Tuesday, January 15, 2013

The Hobbit - a slapdash review from a numpty

When I heard that Tolkien's 'The Hobbit' was going to be eeked out from a very brief novel into three epic films I wasn't filled with excitement.  The principle reason for my lack of whooomph was that when Peter Jackson made the Lord of The Rings trilogy there was a lot of story left out of the final cut, even although the final cut was 400 hours long (with 600 hours of 'extras' on the DVD).  The Lord of the Rings is epic, it is interweaved with complexities that are so, er, complex that they have been studied by academics for over half a century.*  The Hobbit is not.

The Hobbit is a book that can be read in an afternoon, the pace is lightening fast almost to the point of absurdity.  If The Silmarillion was Tolkien's slap up evening meal The Lord of the Rings was his special birthday treat Sunday lunch, whereas The Hobbit is a peanut Tolkien popped in his mouth on his way past the bowl on the sideboard in the lounge.

However, this brevity is no bad thing, in fact the quick nibble of loveliness that is The Hobbit is one of the reasons I love the book so much.  Bilbo's tale is also very accessible, I read this book when I was about seven years old and romped through it.  The Lord of the Rings was much more of an undertaking to read, and as for The Silmarillion., well I'm still trying to get round to finishing it.

So last night as the lights dimmed (and I asked my wife the traditional question 'am I having a stroke?') I put down the world's most expensive air and heat expanded corn product and mumbled to myself 'please don't be shit'.

The web is full almost to the red line with reviews of 'An Unexpected Journey' so I won't top it up with my own floury farty prose, instead I'll attempt to condense my feelings on the film into a series of lazy bullet points:

  • Wargs - YES!
  • Eagles - YES!
  • Gollum - YES!
  • Utral-geek continuity with both the book and the LOTR trilogy - YES!
  • Martin Freeman - YES!
  • Galadriel, Frodo and Saruman et all squeezed into The Hobbit (not literally) - Kinda works!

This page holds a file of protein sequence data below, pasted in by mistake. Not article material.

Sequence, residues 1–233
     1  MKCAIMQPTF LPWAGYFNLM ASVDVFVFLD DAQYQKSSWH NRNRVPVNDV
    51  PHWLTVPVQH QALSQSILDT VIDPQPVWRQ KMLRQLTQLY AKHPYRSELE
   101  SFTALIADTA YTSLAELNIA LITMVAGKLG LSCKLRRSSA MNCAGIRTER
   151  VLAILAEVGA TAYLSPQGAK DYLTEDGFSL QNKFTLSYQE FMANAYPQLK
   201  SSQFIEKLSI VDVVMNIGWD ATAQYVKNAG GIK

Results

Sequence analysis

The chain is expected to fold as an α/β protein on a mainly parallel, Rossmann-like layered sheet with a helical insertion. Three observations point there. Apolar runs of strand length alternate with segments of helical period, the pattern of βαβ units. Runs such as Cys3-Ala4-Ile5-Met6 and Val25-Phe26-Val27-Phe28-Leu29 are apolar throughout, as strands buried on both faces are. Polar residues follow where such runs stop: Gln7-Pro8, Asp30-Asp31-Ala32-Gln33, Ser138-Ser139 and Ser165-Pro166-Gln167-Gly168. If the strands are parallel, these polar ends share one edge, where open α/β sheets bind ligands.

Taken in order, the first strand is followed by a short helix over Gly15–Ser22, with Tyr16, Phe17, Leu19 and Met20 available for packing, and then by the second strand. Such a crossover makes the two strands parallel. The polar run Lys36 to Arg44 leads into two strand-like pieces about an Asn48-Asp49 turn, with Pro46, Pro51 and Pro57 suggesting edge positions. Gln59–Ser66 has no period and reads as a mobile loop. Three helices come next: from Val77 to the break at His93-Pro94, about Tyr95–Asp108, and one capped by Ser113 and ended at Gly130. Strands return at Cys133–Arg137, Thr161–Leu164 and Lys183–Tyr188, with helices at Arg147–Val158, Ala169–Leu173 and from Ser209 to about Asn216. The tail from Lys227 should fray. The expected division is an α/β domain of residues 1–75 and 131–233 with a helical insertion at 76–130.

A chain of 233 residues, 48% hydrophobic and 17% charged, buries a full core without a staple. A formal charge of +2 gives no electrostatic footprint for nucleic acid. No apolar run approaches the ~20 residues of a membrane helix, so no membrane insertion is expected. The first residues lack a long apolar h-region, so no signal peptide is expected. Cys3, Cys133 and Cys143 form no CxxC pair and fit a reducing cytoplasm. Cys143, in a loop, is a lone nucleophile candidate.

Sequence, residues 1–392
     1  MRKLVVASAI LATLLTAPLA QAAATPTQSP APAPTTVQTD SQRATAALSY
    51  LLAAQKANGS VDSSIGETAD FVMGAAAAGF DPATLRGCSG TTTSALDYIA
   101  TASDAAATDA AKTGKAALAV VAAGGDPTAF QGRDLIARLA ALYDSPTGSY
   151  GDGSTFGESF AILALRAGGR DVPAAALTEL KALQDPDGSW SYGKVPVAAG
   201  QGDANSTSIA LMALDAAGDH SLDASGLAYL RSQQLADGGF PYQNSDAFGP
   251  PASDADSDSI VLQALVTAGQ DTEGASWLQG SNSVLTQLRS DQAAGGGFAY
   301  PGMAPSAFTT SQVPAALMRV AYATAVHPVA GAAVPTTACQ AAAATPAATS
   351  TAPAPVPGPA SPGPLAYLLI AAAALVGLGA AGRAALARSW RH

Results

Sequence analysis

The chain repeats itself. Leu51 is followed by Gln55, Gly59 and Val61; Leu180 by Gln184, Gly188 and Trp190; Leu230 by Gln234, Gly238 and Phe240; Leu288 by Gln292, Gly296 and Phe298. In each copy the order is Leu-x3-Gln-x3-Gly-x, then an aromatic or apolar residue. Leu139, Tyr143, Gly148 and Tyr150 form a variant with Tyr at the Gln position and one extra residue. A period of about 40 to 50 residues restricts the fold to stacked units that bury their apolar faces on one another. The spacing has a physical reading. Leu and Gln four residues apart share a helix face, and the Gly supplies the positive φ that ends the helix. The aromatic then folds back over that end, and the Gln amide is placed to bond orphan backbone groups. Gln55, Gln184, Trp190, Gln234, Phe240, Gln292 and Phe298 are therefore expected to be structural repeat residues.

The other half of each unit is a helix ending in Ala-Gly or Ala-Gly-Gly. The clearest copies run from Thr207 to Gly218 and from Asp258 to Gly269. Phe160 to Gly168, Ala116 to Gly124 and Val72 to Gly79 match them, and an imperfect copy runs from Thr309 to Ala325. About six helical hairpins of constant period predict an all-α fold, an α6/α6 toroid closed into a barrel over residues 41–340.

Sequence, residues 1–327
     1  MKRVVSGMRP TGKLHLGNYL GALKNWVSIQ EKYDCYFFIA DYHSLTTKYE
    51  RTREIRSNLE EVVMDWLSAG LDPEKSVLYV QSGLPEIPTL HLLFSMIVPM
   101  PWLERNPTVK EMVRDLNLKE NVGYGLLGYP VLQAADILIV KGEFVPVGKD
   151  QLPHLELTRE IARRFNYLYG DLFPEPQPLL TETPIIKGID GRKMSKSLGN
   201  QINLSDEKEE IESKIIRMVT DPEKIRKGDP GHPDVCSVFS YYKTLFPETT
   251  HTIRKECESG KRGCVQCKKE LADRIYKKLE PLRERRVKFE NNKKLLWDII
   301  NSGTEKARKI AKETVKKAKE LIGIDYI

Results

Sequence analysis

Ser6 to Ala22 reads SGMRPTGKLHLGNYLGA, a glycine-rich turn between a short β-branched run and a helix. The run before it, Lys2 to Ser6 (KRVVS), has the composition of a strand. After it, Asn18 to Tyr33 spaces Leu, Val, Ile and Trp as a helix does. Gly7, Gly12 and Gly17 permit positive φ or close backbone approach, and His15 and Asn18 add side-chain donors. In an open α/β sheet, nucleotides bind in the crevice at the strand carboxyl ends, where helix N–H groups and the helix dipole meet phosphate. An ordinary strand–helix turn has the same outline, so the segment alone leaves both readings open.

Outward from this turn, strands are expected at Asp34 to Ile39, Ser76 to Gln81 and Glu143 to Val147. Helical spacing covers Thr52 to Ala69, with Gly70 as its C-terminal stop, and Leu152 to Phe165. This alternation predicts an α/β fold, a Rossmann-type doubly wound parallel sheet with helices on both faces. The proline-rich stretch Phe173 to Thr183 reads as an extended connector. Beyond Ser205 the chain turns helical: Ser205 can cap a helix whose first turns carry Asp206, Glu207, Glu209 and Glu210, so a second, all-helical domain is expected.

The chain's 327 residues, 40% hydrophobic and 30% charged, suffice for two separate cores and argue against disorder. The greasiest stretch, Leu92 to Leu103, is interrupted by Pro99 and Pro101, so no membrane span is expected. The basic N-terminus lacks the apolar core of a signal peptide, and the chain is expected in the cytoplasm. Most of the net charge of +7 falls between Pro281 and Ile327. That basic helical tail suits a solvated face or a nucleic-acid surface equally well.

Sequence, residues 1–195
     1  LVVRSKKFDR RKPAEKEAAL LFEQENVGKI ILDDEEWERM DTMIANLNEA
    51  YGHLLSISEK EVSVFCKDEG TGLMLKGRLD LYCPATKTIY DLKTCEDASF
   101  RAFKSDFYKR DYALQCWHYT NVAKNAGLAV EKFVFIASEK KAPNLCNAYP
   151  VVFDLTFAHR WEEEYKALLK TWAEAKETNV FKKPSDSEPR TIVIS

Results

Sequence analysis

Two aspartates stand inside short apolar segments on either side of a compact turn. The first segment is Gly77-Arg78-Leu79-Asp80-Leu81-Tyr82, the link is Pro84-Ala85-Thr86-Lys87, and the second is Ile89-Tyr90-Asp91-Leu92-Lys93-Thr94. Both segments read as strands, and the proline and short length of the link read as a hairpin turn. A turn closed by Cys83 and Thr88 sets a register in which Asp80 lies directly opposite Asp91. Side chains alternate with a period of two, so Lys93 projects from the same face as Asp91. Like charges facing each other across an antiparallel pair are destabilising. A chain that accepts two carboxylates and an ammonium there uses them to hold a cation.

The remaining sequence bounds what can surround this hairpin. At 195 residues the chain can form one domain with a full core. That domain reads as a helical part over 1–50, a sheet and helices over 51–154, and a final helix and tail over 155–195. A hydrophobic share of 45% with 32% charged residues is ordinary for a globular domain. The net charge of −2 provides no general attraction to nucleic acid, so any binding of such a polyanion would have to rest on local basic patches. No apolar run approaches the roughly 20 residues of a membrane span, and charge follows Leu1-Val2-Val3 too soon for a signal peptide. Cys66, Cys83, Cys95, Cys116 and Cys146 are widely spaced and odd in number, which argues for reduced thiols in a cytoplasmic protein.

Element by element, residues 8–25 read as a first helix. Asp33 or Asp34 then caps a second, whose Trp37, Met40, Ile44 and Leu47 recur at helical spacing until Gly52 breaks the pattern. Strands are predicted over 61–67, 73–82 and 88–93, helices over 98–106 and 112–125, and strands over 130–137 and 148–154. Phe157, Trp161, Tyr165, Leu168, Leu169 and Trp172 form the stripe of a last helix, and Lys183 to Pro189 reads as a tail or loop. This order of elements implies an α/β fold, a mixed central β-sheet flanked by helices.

• Dwarves - YES!
  • More singing - Kinda fine with that!
  • Elves - YES!
  • Ken Stott and James Nesbitt as Dwarves - YES!
  • Sylvester Mccoy as Radagast the Brown - SHITTING HELL YES!
  • Weird pasty faced 'pale Orc' - Kinda works!
  • Ugly tumorous but humorous goblin king - YES!
I could go on, but I won't because there are other things I should be doing right now, but I will just mention a few minor (but ultimately irrelevant) niggles.

A few minor (but ultimately irrelevant) niggles.

You'd have to be a proper nerdy geek to point out some of the very minor niggles in this film, and because I am a proper nerdy geek I'm going to mention the following (please correct me if I'm wrong):

  • When the trolls turn to stone they are not in the same poses that they are when Frodo finds them in Lord of the Rings
  • The Warg riders seem to have no issue with mooching around in direct sunlight
  • Gandalf getting a bit daft with his little speech about love
  • I can't think of any more.

The sort of hasty conclusion one writes when he realises he's spent too long on a review.

As far as I'm concerned 'An Unexpected Journey' is almost perfect and has a lot to offer Tolkien fans, but if you didn't think much of Lord of the Rings then The Hobbit might not burst your corns.  This first part of The Hobbit trilogy (it still feels weird saying that) takes a lot of meat from other Tolkien works, which is just fine by me because lets face it; we're never going to see Jackson make any other Tolkien films.

I loved this film, but then I am known to be able to suspend disbelief to the level of a newborn shrew so I wouldn't encourage you to take my word on anything.

*I reckon

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